Ultimately I am content in the assumption that this acquisition at the very least did not destroy value, and is in fact most likely marginally accretive. To keep it simple, I treat the gross consideration paid as cash, which reduces CCF’s implied Enterprise Value to $348.8, or 7.0x LTM Adj EBITDA and 7.9x LTM Adj EBIT (~8.3% NOPAT yield).

V. Real Estate Monetization

CCF also owns about 814k ft2 of industrial real estate, on which the implied unlevered return is perhaps mid-single digits (compared to 17% consolidated ROIC, including the capital invested in real estate). Some of these assets are not even being used for core operations of the business, but are instead being used as excess warehouse space or even leased out to tenants. I have zero expectations that this real estate will actually be sold, but the value is inherent in the stock, so I include this value in my spreadsheet math as follows:

The company’s owned real estate assets (land and buildings) are held on its balance sheet at a gross book value of $30.029 million. I went through property by property and checked out market comps, and it looks like the market value of this real estate is ~$25 - $35 million, so to keep it simple I just assume that gross book value is a fair assessment of the market value (and also CCF’s tax basis in the properties). I spoke to a national industrial CRE broker who indicated that CCF’s properties would likely go for a 6-cap in a sale-leaseback in the current market given its credit worthiness, suggesting that CCF could sell its real estate for net proceeds of ~16.7x EBITDA.

Pro forma for a real estate monetization, CCF’s enterprise value would be $315.7 million, and new EBITDA/EBIT would be $48.1m and $42.4m respectively, suggesting pro forma multiples of 6.5x and 7.4x (8.7% NOPAT yield).

V.                  Excess compensation

The Chase family is currently transitioning the leadership of CCF to its fourth generation, with Peter Chase (age 66) transitioning from CEO to Executive Chairman in February of 2015, and Adam Chase (his son) assuming the CEO title. Interestingly, Peter Chase made $4.9 million in total compensation in 2014, of which $2.5 million was ‘change in pension value and nonqualified deferred compensation earnings,’ which I do not believe runs through the income statement on a 1-for-1 basis from an accounting standpoint (please correct me if I’m wrong).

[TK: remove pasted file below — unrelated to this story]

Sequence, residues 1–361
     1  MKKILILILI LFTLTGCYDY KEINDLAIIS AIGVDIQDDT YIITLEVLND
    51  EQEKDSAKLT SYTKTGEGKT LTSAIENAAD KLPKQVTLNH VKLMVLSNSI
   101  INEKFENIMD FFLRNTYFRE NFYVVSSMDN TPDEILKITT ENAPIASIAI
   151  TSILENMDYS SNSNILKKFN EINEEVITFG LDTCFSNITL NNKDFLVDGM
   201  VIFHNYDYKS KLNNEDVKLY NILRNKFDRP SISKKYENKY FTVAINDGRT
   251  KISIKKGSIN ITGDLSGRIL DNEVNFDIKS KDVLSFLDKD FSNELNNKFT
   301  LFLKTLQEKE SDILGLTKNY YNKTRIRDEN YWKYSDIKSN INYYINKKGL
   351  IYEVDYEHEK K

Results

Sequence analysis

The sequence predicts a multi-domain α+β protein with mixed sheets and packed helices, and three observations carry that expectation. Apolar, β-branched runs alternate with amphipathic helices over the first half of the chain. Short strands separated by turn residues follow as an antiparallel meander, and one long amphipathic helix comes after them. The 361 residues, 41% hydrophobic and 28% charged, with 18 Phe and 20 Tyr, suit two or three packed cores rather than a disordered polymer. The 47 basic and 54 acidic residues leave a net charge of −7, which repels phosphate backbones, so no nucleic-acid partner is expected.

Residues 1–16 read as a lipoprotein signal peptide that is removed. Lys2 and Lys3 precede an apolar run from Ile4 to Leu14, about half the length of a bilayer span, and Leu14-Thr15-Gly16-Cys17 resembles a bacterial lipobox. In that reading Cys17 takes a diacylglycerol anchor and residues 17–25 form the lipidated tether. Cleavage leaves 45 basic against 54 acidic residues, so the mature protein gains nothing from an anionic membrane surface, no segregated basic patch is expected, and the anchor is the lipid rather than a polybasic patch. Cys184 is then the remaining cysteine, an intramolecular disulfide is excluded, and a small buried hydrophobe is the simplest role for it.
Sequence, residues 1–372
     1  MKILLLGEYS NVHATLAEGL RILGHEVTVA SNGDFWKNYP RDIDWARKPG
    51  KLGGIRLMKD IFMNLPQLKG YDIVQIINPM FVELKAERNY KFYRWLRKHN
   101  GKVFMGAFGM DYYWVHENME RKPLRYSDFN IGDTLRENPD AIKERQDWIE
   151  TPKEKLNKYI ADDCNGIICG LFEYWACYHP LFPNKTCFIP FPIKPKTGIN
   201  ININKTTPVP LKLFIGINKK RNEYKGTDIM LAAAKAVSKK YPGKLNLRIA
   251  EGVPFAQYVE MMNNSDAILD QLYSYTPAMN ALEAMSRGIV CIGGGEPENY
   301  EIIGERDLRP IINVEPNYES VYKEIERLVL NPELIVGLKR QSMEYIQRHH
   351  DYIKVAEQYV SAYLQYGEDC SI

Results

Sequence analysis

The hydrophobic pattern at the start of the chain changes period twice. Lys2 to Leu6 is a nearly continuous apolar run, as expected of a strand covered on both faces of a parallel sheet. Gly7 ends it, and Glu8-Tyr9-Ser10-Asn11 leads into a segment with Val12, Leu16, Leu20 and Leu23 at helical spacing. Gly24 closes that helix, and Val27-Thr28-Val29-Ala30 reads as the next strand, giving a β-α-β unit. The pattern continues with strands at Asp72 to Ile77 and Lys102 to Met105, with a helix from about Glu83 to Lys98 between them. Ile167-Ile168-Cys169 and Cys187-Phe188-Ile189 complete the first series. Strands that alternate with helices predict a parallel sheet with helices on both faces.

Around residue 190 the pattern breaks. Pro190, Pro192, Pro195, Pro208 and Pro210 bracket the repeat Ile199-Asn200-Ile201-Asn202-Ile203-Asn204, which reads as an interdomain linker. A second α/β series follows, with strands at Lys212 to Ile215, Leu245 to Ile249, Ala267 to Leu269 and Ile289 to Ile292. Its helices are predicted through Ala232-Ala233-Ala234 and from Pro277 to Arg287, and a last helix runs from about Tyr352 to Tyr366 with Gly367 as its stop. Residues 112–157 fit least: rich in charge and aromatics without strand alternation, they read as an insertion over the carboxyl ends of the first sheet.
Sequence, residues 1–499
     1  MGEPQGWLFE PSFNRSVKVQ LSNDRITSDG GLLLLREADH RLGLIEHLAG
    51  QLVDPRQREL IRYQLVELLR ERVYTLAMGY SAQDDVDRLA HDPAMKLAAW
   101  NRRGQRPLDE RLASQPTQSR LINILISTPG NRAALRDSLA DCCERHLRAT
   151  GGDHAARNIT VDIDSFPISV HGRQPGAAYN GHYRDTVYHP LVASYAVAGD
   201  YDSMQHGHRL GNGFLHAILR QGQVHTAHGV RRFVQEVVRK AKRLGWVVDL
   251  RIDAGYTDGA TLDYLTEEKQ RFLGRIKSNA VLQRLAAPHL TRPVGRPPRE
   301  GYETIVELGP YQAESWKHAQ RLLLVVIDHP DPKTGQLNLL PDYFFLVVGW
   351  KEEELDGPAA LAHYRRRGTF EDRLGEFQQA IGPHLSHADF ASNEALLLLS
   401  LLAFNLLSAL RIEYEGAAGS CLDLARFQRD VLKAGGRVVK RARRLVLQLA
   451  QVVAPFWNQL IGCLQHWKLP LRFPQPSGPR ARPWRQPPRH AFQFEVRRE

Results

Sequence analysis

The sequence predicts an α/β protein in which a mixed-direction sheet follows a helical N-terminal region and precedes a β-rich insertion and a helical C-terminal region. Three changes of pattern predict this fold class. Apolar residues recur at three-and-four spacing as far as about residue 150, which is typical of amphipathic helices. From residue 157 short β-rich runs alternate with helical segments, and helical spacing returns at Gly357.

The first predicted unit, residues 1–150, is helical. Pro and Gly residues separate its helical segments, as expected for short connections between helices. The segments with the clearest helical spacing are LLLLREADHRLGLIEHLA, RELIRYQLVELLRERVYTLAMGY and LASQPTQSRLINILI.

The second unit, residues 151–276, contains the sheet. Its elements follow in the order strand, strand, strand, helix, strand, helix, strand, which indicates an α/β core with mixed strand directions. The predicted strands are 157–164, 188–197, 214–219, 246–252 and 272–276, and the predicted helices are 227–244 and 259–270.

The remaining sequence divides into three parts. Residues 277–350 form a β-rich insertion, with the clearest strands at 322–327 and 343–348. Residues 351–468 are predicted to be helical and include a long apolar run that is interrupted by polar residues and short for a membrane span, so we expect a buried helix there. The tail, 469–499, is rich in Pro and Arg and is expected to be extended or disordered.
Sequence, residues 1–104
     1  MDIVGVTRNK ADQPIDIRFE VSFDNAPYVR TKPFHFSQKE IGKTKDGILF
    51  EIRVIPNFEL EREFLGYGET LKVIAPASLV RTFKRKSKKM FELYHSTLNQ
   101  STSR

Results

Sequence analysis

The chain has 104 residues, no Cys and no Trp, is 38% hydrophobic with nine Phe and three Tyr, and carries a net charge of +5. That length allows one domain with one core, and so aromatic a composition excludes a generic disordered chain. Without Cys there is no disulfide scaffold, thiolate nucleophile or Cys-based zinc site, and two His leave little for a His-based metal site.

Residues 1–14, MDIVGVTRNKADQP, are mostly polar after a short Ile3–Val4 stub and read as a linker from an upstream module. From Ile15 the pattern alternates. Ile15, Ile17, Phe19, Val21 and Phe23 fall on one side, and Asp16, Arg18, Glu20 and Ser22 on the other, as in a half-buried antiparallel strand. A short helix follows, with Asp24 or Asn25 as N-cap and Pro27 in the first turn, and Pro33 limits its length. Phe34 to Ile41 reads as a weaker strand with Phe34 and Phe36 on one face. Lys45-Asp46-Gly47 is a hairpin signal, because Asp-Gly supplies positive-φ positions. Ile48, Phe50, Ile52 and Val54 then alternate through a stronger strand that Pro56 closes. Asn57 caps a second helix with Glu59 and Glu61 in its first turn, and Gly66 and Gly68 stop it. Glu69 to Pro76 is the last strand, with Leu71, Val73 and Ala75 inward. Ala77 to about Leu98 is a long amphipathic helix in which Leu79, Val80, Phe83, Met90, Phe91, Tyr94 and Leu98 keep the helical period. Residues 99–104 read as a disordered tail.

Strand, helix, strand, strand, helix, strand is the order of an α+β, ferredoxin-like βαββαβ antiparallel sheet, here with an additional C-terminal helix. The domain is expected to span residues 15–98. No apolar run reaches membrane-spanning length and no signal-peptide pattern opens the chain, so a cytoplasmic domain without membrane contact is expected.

CCF has not made any disclosure regarding changes in compensation for Peter, but presumably some or all of his comp will go away over time, some sooner rather than later. Let’s assume at the very least that Peter’s $1.7 million of non-equity incentive plan comp goes away forthwith, such that pro forma EBITDA/EBIT increase to $49.8 million and $44.1 million, respectively.

VI.                Adjusted Capitalization/Valuation

To put it all together, the pro forma capitalization and valuation metrics are as follows:

Stock Price: $36.06
Basic Shares Outstanding: 9.2 (9.183 basic, 0.03 ITM options and RSUs)
Market Capitalization: $332.4

Add LT Debt: $57.3
Add Pension Obligation: $10.6
Less Cash: $17.4
Less Options Proceeds: $0.8
Less Sale-Leaseback Proceeds: $33.029
Less Henkel Acq price: $33.285
Adjusted Enterprise Value: $315.735

LTM EBITDA (Feb-15), Adjusted for RE Monetization and Outgoing CEO's Excess Comp: $49.8
LTM EBIT (Feb-15) as Adj: $44.1

EV/LTM EBIT: 7.2x (9.1% NOPAT yield)


This is among the highest NOPAT/UFCF yields I am aware of in the North American small cap market, especially after jettisoning those stocks that lack consistent/growing earnings streams, and thus I am long the stock.

I do not hold a position with the issuer such as employment, directorship, or consultancy.
I and/or others I advise hold a material investment in the issuer's securities.


Continuing compounding of value/earnings; probably an activist target (though none currently in the name)